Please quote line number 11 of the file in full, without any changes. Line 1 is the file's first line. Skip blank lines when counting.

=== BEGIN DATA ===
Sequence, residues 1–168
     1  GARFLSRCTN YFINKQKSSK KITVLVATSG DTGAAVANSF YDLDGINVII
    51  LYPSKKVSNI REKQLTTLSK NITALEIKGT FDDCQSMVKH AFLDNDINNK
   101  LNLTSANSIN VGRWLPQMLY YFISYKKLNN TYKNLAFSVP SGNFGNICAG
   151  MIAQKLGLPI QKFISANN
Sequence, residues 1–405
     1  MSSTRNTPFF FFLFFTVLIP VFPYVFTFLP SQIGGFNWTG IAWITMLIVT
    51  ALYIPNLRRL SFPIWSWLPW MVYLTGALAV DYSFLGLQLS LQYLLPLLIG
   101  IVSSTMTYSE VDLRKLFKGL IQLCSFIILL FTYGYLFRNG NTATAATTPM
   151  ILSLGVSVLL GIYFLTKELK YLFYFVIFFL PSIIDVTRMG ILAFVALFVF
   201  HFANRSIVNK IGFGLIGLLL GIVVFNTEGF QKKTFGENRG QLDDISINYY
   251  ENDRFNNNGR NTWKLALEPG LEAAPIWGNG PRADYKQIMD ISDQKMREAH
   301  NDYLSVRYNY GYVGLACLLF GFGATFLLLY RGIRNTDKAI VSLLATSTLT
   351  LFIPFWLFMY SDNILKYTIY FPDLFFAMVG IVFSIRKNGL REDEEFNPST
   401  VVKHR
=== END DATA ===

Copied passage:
   201  HFANRSIVNK IGFGLIGLLL GIVVFNTEGF QKKTFGENRG QLDDISINYY